The Battle for Grant’s Tomb


The year 1890 turned out to be critical. Not only was the congressional danger escaped, but a final design was selected. Abandoning the open competition, the Monument Committee invited a group of five well-known architects to submit plans. From these it selected John H. Duncan, designer of Brooklyn’s Soldiers’ and Sailors’ Memorial Arch. Duncan had devised a tomb based on the Mausoleum of Hadrian, a square Doric temple surmounted by a great granite dome. The desires for a Roman monument, voiced by some American journals five years earlier, had been answered.

The drawings of all the entrants—including Napoleon Le Brun and Carrère & Hastings—went on public exhibition, and there was general satisfaction at the committee’s choice. Duncan’s plan had been designed by a reputable architect and promised to stay within the budget. Moreover, as The New York Times pointed out succinctly, it “will not be ridiculous.” As far as American public monuments went, this was “much more than a negative advantage. It could not have been attained,” the Times continued, warming to a favorite theme, “by one of the promiscuous ‘open competitions’ under which the certainty of securing the service of competent architects is thrown away for the desperate chance of bringing to light some unknown genius.” Indeed, as the Times ruminated about the winning design in a series of editorials, it became more enthusiastic, praising the seventy of Duncan’s Doric, superior to the florid Roman motifs displayed in Italian Renaissance churches.

The Duncan design, finally, would be impressive from any vantage point. Seen from either the Hudson or the shoreline, north or south, the tomb was certain to impress the bystander. The struggle over the mausoleum, in fact, besides shedding light on professional self-consciousness and regional rivalry, hinted at the coming power of the City Beautiful movement, the great effort of the nineties and after to make American cities handsome and heroic. Grant’s Tomb offered New York a major environmental opportunity; accessibility, grandeur, and site availability were not always so well matched.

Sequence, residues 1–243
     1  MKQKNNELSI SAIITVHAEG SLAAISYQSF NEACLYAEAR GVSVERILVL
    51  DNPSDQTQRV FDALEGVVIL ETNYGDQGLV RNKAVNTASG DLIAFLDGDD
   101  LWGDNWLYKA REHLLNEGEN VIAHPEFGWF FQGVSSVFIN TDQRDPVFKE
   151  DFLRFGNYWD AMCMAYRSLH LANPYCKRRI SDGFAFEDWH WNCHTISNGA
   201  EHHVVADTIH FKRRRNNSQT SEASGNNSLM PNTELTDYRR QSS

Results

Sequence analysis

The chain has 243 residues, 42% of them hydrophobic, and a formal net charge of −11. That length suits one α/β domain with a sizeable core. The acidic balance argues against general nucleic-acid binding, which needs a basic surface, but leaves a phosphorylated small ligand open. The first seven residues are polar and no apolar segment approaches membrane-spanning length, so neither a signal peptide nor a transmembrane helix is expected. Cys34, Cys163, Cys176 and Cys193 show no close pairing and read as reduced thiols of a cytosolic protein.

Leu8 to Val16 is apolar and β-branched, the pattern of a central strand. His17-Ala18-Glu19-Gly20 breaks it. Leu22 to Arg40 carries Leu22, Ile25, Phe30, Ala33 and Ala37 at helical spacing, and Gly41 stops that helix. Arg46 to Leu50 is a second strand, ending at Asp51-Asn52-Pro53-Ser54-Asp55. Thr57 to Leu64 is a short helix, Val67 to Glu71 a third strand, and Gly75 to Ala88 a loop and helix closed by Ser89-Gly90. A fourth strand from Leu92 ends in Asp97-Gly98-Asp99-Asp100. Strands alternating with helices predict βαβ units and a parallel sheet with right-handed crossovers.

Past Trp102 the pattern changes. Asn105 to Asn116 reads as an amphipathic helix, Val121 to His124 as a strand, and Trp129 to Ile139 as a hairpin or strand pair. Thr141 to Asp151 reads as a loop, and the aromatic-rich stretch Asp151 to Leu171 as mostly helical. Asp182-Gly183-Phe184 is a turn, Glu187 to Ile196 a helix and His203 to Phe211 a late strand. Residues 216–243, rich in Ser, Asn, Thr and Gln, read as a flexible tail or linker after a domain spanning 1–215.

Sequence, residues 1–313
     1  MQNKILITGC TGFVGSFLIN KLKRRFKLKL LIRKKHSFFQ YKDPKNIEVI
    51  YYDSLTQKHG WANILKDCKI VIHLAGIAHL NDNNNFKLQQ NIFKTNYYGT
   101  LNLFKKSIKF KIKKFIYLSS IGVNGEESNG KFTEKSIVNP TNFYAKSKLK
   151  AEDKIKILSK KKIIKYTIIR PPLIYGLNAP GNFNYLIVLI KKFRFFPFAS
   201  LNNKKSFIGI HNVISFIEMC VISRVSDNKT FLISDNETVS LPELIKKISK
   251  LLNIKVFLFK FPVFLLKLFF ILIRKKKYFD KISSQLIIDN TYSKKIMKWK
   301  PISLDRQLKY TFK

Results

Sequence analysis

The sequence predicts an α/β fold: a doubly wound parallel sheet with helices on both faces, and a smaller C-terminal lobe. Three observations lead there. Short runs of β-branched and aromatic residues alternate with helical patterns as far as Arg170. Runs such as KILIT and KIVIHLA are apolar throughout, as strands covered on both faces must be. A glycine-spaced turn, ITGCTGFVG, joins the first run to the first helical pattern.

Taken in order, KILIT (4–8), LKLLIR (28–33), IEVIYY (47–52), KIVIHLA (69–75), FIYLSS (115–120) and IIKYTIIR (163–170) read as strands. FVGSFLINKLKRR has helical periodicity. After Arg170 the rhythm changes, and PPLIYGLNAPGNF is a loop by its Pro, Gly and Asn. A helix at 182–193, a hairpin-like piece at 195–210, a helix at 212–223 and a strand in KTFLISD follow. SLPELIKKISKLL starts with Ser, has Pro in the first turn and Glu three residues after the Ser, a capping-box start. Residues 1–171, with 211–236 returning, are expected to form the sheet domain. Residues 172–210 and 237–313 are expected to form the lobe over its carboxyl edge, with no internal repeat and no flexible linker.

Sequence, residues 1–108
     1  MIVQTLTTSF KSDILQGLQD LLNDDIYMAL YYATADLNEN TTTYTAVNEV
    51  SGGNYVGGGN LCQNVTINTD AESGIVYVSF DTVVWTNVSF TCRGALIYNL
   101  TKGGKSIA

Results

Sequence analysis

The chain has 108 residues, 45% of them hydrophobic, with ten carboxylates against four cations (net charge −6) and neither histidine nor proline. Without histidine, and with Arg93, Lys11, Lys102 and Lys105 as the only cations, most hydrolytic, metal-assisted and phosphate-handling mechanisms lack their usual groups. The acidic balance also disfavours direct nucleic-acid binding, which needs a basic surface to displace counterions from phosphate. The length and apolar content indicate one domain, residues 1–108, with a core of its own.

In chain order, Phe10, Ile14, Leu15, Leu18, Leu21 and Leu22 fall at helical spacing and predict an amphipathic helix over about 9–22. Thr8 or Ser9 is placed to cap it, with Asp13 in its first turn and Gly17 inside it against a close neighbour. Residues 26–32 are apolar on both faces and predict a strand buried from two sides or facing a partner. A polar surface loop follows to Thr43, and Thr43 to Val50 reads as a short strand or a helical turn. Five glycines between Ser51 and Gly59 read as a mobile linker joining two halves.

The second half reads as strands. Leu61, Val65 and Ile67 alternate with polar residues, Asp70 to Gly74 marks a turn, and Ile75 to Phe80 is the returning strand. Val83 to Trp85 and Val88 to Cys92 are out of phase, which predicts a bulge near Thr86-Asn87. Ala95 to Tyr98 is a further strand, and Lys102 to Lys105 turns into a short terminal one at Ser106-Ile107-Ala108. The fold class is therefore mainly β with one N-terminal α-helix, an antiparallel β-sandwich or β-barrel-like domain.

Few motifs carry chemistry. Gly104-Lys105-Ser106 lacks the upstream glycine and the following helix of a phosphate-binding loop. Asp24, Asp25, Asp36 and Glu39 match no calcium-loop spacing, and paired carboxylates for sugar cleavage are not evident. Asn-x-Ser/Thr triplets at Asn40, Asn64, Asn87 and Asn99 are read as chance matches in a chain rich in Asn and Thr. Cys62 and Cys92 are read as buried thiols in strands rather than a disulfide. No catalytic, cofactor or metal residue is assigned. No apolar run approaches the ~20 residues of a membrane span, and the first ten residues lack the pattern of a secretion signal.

The upper Manhattan location had been determined rather quickly. The committee formed in 1885 to get Grant’s body for New York took the general’s sons to three possible sites: one on Central Park’s Mall; another on Watch Hill, near Eighth Avenue and 110th Street; and a third in the new Riverside Park. This was the spot the Grant family chose. Within fifteen years the area would be bounding with activity. The Cathedral of St. John the Divine was being built slightly to the south and east; indeed, it is still being built. During the 1890s McKim, Mead & White were supervising the construction of Columbia University’s new campus, which opened in 1897. Other monuments would follow. Increasingly Morningside Heights was being described as an American Acropolis, filled with cultural and educational institutions.

But in 1885, when the site was first announced, The American Architect, suspicious of every aspect of the plan, charged New York with appointing a “huge committee of its most eminent beer-sellers, brokers, politicians, and railroad-men” to persuade Frederick Grant to yield the more accessible Central Park Mall (favored by The American Architect) for a “neglected and remote strip of unimproved land adjoining the Hudson River Railroad tracks. …” The mayor of New York, a Riverside Park supporter, argued that the dead should not lie “remote from Nature.” The American Architect agreed. But to build this “costly monument, to the most distinguished person of the age, in an uncultivated and uninhabitable strip of land in the rear of the present metropolis” was “carrying aesthetic sensitiveness too far.” The area was unreachable, “except [to] goats,” and the only beneficiaries would be the “owners of the cheap and neglected lots fronting the Park.” One New York newspaper reacted energetically, labeling this position “grotesque” and “astonishing.” And The American Architect retreated. It agreed that Riverside Drive was already the “noblest urban drive in the world,” but it continued to call the site “neglected and remote.” However, by the mid-1890s, as it became clear that the Upper West Side would be served effectively by mass transit, and as population flowed in, the debate subsided.